What is a weed?
A friend recently gave me a branchy stem of a plant with fine alternate leaves she has growing all over her garden. She asked if I could identify it. She didn’t know if it was a “real plant” or a weed that she should be pulling out. Off hand I couldn’t identify it and turned to my Weeds of the Northeast by Uva, Neal and Di Tomasso and still could not definitely identify it, but I thought it might possibly be an aster. Later when I was watering my hellstrip filled with daylilies, astilbes, yarrow and more, I noticed a plant sticking its head up through a clump of coneflowers – and it looked just like the slightly wilted plant my friend had given me!
When I went up to the Benson Place in Heath to pick up my order of blueberries I was admiring a bed of large plants, few of which I recognized. Meredith Wecker and Andrew Kurowski, current owners of the Benson Place, explained that the bed was designed as a pollinator bed. They identified the enormous elecampane with its shaggy golden flowers all a-buzz with bees, the anise hyssop and the tall blue vervain. And there in the middle of a clump of flowers was the plant I had been trying to identify. This plant was everywhere!
I asked what it was. Meredith and Andrew looked at it and said, “Oh, that’s just a weed.” I had made no progress in my researches.
I have another mystery plant, which I am sure is a weed, but not exactly sure which weed. Next to our front porch, in the shade, we have been watching a single plant with large deeply cut leaves growing taller and taller. We thought the foliage looked thistle-like but there are no prickers and so far no familiar blossom. In fact, now that it is eight or nine feet tall what appears to be a flower head is kind of droopy and is not yet blooming.
On our ride to the Benson Place we drove on a dirt road edged with all manner of – dare I say it – weeds. And among them were plants similar to my front porch weed, although not quite as tall.
My son says his lawn is full of weeds i.e. violets. Our lawn in Heath was full of weeds i.e. dandelions. Lots of weeds i.e. wildflowers like chicory grow along the roadsides. I like violets and dandelions and chicory. Why would anyone consider them a weed?
The definition of a weed is very difficult. My comprehensive book, titled Weeds of the Northeast, gives excellent descriptions and photos of hundreds of weeds in their different growth stages including the seed stage. Violets, dandelions and chicory are all included. So are creeping thyme, wild strawberries and the low growing English daisy. What makes all these plants weeds?
They are all rampant growers and spreaders, but others seem to be called weeds because they are growing where the gardeners and farmers don’t want them to grow. Sometimes you find out a plant that you chose and planted is a weed. While I was leafing through my weed book I noticed the pages devoted to field horsetail, Equisetum arvense. I like the horsetails with their leafless green bottle-brushy stems that I saw growing by the roadsides in Heath. They are also called scouring-rush, foxtail rush, horsepipes, and pine grass.
When I drive to Colrain to visit friends I usually take the Colrain road, a winding road through the woods, and I noticed large stands of the larger Equisetum hyemale growing in the damp shade. I have always admired this plant because it is unusual, about 18 inches tall, leafless, with bamboo-like nodes along the evergreen stem. One day I stopped and pulled up a few of these stems which spread by creeping rhizomes. I planted them in a wet shady spot in my garden and most of them took root and seem to be doing well.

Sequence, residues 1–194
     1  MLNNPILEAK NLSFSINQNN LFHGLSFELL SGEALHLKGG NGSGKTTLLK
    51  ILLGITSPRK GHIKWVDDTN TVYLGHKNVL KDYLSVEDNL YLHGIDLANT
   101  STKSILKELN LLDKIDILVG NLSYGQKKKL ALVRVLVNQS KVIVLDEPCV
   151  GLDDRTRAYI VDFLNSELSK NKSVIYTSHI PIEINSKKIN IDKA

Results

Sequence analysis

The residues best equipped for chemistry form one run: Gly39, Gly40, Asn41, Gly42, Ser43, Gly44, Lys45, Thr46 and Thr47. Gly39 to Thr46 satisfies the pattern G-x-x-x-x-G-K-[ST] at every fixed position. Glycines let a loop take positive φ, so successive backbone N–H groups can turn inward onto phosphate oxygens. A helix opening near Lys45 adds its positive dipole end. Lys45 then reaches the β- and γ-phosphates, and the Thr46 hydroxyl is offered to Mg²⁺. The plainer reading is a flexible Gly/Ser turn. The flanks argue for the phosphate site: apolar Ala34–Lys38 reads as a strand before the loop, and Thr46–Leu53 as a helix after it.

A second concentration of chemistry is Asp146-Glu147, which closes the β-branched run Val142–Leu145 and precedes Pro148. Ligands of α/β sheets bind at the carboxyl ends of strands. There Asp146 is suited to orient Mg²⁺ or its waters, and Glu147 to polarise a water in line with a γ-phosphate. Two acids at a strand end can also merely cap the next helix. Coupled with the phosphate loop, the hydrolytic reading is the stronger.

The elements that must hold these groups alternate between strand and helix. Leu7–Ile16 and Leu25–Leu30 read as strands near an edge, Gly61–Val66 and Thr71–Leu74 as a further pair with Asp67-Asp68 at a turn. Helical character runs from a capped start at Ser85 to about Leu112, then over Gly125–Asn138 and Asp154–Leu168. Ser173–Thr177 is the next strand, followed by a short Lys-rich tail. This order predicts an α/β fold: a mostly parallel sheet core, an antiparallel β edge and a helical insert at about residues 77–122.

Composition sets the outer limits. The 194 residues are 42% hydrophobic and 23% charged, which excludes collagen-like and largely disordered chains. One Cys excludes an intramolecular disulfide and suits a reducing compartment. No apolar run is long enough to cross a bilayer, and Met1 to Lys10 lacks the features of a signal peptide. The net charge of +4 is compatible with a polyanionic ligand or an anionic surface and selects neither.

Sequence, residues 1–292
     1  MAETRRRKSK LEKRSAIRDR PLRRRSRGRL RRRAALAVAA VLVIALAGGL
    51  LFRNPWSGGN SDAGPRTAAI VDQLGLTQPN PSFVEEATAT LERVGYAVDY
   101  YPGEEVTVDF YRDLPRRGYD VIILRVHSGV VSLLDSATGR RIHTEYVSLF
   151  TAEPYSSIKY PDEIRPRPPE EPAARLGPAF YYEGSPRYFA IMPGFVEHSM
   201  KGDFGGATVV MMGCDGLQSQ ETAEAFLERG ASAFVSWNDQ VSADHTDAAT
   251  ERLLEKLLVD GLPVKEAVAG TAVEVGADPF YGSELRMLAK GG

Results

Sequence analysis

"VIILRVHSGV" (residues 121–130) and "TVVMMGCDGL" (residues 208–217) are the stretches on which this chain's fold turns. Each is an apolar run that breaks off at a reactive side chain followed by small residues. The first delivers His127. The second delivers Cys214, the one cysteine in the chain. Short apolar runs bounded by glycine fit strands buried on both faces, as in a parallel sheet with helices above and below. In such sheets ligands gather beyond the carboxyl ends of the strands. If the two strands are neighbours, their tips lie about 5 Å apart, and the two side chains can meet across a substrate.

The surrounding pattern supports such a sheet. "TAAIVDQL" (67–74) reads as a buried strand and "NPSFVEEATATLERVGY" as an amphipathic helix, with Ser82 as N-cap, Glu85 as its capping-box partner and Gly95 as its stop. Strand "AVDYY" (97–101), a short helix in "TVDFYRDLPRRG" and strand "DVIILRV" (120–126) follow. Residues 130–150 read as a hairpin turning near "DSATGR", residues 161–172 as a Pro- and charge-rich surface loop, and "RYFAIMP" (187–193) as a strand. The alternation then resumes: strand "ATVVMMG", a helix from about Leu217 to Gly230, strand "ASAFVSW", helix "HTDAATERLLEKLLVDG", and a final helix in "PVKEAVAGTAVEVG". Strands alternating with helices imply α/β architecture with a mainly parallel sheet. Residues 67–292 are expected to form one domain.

According to Weeds of the Northeast equisetums are resistant to herbicides used by farmers. According to the MissouriBotanical Garden, which has an excellent website that often helps me identify plants and understand their requirements, Equisetum hyemale is an aggressively spreading plant that is difficult to eradicate because the rhizomes spread wide and deep.
I then remembered my recent trip to Minneapolis and environ with 60 garden bloggers. Our final garden tour was across the border into Wisconsin and the amazing gardens and sculptures of Woutrina DeRaad. For 25 years Trina has been creating an amazing wild garden filled not only with wonderful plants, but with her concrete and mosaic sculptures. One sculpture was of a long couch with a built in plant container she had filled with equisetum five years earlier. I admired it, but when Trina asked if anyone in our group knew about equisetum, one of the men shook his head and said it was probably already sending roots deep into the soil and she’d never get rid of it. It was hard to see how that could happen since it was in a concrete container, but clearly he considered it a danger. And Trina seemed to be taking him seriously, and starting to consider what she could use to replace the equisetum.
When I came home it did not take me long to dig up my equisetum which had already sent out one rhizome. I do not believe it was sending rhizome out deeply.
It has been said that if you can name a thing, you will have power over it. I would be delighted to hear from anyone who can help give me power over the two mystery plants in my garden. In the meantime I will just have to wait and see if their flowers can give me another hint.
Between the Rows August 13, 2016
I want to thank everyone who responded to my query with the answers. That tall weed is wild lettuce Lactuca biennis, first identified by Liz Pichette, but followed by several other knowledgeable plant people. Thank you all!